5. La Jaguarina
Flip-flopping between Broadway and sword-fighting, La Jaguarina (Ella Hattan) became one of the most notable names of her time. In fencing, even though she only fought against men, she was undefeated – both on foot and in the saddle. Nineteenth-century spectators were swooning at the idea of modernized jousting, and one of the new sport’s inventors packed his bags and turned tail when challenged by La Jaguarina.
After a while, she had a difficult time finding opponents; at one point she even put out an ad for $5,000 (quite a sum at that time) for someone to fight her, and her plea was forever unanswered. She eventually went back to the stage, starring in a Broadway production and waiting patiently for someone to finally challenge her again. Nobody did.
4. Noor Inayat Khan
Fulfilling one of the most dangerous but important non-military jobs during World War II, Noor Inayat Khan was a radio operator in Nazi-occupied Paris. In her first week on the job, her radio (read: spy) network was infiltrated and she was asked to retire from her position for her safety. She refused, however, beginning a five-month long career in a profession where most people lasted only six weeks. She was eventually betrayed by a Frenchwoman and captured by the Gestapo, who tortured her repeatedly, but she revealed nothing. She was eventually shot at Dachau concentration camp.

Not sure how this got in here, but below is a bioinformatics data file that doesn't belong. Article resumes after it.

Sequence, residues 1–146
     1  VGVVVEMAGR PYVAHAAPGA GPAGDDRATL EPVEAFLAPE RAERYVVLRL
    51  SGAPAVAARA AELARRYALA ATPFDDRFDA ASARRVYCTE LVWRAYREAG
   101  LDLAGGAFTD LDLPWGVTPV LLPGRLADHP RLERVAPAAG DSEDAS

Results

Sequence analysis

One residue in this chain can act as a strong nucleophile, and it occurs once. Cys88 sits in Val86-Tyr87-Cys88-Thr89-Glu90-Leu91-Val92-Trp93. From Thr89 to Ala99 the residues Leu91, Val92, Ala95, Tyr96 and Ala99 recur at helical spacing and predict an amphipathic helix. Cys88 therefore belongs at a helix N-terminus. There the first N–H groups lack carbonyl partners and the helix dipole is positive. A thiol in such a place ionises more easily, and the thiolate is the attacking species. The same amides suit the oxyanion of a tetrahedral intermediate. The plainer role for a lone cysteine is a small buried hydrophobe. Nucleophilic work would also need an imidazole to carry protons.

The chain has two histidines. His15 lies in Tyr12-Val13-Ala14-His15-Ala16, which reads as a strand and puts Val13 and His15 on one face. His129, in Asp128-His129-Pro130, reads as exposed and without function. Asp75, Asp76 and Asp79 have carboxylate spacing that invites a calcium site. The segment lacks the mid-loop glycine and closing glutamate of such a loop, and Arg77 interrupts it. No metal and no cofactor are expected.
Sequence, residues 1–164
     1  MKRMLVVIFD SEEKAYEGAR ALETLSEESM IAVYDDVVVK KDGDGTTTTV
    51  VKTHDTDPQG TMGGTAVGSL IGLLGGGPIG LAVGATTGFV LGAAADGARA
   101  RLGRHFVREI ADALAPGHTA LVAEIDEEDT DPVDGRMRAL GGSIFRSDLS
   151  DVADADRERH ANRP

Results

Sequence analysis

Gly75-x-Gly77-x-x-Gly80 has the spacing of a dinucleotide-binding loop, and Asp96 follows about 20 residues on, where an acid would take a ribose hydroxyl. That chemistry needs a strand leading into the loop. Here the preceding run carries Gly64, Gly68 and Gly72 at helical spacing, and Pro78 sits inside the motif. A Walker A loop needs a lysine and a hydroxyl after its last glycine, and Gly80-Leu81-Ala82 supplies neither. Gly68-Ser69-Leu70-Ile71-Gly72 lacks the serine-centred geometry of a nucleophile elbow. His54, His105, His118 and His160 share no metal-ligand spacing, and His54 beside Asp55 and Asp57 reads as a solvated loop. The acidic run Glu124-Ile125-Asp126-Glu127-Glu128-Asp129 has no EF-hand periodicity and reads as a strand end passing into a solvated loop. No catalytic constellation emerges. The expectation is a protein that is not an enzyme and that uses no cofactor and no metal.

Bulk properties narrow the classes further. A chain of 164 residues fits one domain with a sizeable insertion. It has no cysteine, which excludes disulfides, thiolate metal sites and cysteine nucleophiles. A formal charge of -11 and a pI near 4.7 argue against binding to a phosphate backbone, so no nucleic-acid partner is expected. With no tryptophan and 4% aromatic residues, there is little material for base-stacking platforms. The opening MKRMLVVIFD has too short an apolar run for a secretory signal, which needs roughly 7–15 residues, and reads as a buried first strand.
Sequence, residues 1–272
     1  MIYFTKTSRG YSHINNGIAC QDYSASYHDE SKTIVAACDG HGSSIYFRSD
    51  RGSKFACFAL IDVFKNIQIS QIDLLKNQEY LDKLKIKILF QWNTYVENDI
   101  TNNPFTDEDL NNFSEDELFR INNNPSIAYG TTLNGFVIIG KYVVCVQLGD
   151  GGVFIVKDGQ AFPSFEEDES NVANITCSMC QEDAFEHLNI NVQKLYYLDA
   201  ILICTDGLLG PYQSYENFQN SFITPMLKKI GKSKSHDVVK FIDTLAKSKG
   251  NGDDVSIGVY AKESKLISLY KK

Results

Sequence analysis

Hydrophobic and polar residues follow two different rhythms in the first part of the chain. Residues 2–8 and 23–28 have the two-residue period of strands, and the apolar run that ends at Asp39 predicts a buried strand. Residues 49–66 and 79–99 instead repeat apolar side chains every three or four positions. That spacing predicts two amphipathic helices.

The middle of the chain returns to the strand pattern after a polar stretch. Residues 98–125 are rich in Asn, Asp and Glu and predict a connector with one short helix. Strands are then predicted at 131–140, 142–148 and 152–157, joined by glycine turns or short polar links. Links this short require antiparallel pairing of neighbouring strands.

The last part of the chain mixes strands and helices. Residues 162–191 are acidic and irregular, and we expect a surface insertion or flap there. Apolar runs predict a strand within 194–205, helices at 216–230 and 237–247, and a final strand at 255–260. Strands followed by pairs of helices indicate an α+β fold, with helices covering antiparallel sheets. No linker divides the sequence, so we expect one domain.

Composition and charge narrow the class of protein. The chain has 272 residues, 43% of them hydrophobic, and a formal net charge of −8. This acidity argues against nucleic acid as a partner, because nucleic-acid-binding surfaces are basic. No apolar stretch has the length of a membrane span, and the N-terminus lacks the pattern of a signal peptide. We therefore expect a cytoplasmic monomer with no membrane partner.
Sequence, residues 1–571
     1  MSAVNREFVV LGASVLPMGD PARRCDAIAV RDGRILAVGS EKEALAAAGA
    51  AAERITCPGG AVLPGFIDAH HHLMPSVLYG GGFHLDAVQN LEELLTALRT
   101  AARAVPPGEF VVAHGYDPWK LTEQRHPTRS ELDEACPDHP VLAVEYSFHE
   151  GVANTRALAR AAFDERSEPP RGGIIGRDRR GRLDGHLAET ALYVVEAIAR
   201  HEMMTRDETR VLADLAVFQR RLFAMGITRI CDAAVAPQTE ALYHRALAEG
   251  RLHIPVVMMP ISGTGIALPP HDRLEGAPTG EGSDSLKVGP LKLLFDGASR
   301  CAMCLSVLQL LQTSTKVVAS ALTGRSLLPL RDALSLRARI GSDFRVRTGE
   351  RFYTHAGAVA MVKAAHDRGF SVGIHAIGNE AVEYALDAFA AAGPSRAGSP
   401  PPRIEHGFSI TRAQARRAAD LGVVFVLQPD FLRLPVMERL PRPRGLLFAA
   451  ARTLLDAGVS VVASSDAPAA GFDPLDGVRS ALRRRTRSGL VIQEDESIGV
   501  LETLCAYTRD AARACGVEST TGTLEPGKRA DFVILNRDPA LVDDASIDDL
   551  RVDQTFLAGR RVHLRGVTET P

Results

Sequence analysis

3. Petra Ruiz
Yet another woman who disguised her sex to join the military. Petra, however, was raped by soldiers when she was young, which affected her into her adult life: As a lieutenant, she broke up a squabble between several soldiers vying for the right to rape a young woman and demanded to be the lucky winner. She rode off with the seventeen-year-old girl, revealed that she too was a woman, and left her somewhere safe. When she and her troops were greeted by the new Mexican President, she openly declared herself to be a woman, cementing her fame in the history of the Mexican Revolution.
2. Mariya Oktyabrskaya
Mariya Oktyabrskaya was made of pure rage. When Nazis invaded her home and killed her husband during World War II, Mariya did what any sensible wife would do: she collected her life savings and wrote to Stalin asking him to let her buy a tank and name it “Fighting Girlfriend.” She was given permission, however doubtful, and promptly proved her abilities by driving the tank in front of a line of Germans and cleaning house. Several times she actually got out of the tank mid-battle to fix it, something which was incredibly daring and would eventually cost her her life.
When Hatshepsut’s husband the Pharaoh died, leaving an infant son as heir, the Egyptian Queen began a decades-long rule. She ushered in a reign of economic prosperity, choosing to focus on commissioning art instead of conquering new lands, which made it very difficult when her successor Thutmose III attempted to completely eradicate her memory. While this was a political rather than sexist move, it remains true that Hatshepsut’s legacy lived on nevertheless: She was Egypt’s first female Pharaoh.